What this construct does for me is it allows me to have suicidal thoughts (Things would be better off right now if I were not here.) and to chuckle at the idea of acting on my impulses. It takes the impulse out of the equation. I’d have to buy a ticket to San Francisco before I could kill myself.
Here’s the final bit of wisdom, from one of the books I read when I was struggling with my own mental demons. If you have a plan, call 911. If you are buying bullets, if you are hoarding Ambien, if you’ve put a belt around your neck to test the fit and strength, call for help. The “thinking about suicide” is more normal than you might think. A lot of people think, “The world would be a better place without me in it.” It’s the people who attempt suicide, and like Anthony and Kate, are successful, who put a PLAN in action. If you have a plan, call for help.
I was in therapy during the time that I was closest to killing myself. I remember having the discussion with him. Perhaps he should’ve hospitalized me. But we talked about it. Somewhere inside me, somewhere inside Anthony and Kate, there was a will to live. I listened to that voice and I stepped down from the ladder. I put the ladder away. And I made a deal with myself about the Golden Gate Bridge.
I guess you have to be on the brink of suicide to really understand it. The hope is that you will find a reason to step back from the edge. The tragedy is when people, successful and seemingly happy people, don’t step back. In those final horrifying seconds, when their souls raged at them to LIVE, both Anthony and Kate stepped into the darkness anyway. Their horrified souls extinguished. Their families now forever horrified and changed by the ripped hope of suicide.
If you or someone you love is struggling, check-in with them. If you need help for yourself, reach out and ask. Someone is standing by online or on the phone in the resources that follow this post. Please get help. Don’t suffer alone. We, the living, need you here.
As a certified life coach, I’ve been helping men and women find fulfilling lives post-divorce. If you’d like to chat for 30-minutes about your dating/relationship challenges, I always give the first 30-session away for free. LEARN ABOUT COACHING WITH JOHN. There are no obligations to continue. But I get excited every time I talk to someone new. I can offer new perspectives and experiences from my post-divorce journey. Most of all, I can offer hope.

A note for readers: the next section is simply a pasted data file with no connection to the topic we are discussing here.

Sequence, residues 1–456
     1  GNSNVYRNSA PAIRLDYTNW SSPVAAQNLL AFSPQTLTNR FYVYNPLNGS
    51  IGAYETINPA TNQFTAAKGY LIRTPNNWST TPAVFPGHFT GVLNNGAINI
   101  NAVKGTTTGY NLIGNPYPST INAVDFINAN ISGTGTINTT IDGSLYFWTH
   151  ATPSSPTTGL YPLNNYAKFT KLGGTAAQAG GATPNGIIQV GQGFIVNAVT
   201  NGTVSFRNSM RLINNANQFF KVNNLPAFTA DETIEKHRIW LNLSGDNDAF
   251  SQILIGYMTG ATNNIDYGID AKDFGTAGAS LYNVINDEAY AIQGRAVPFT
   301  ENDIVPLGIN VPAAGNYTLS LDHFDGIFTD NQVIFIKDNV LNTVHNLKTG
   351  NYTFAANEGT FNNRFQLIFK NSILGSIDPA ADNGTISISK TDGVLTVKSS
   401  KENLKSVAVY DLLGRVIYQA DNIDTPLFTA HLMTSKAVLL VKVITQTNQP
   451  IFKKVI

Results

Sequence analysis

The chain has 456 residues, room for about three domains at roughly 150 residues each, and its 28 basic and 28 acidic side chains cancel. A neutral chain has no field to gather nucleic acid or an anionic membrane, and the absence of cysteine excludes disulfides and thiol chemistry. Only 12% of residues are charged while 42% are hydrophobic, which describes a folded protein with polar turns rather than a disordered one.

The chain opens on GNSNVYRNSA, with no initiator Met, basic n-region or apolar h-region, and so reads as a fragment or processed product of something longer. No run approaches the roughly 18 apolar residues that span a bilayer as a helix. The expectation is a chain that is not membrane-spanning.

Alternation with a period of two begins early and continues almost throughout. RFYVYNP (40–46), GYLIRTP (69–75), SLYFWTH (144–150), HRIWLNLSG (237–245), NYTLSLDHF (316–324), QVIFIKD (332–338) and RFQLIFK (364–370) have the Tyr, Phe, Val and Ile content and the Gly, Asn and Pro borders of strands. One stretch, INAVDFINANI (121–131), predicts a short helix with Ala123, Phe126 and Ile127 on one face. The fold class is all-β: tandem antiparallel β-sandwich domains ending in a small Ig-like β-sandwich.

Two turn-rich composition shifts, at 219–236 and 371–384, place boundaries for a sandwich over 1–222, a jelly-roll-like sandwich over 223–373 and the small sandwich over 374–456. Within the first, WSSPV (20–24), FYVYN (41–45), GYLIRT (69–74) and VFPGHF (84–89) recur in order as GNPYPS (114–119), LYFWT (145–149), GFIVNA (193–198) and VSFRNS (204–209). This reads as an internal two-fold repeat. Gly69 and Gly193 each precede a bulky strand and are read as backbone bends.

[Author’s note: My daughter is now 15. My event was several years ago. My “team” is in place and stronger than ever. And my Golden Gate Bridge agreement with myself has proven quite the tonic when I’ve imagined moving from ideation to planning.]
Further Reading from John McElhenney
- Why Am I a Suicide Statistic?
- Voyeurism, Sadness, and Traveling Alone: a Tincture of Depression
- Displacement: A Single-Parenting Love Story
- Little Ghosts Still Flutter My Heart: a Depression Story
- Grief is Underneath: A Divorce Fable
image: GGBridge, creative commons usage
- National Hopeline Network: 1-800-SUICIDE (784-2433)
- National Suicide Prevention Lifeline: 1-800-273-TALK (8255)
- National Youth Crisis Hotline: 1-800-448-4663
- If You’re Feeling Suicidal – Online Resources – Suicide.org
- Help Find Local Resources for Depression and Suicide Prevention – TWLOHA.ORG
- On Kate Spade and Anthony Bourdain: Vulnerable People Do Not Always Look Vulnerable – TWLOHA.ORG
- The Bridge (amazing documentary about the alure of jumping from the Golden Gate Bridge)
- Stop Saying Committed Suicide, Call It Death by Suicide – Suicide.org
- The Dark Days Archives from The Whole Parent
- The Depression Cure: The 6-Step Program to Beat Depression without Drugs
- **Get It Done When You’re Depressed
- An Unquiet Mind: A Memoir of Moods and Madness
- Darkness Visible: A Memoir of Madness
- Listening to Prozac: The Landmark Book About Antidepressants and the Remaking of the Self
- **Against Depression
- How I Stayed Alive When My Brain Was Trying to Kill Me: One Person’s Guide to Suicide Prevention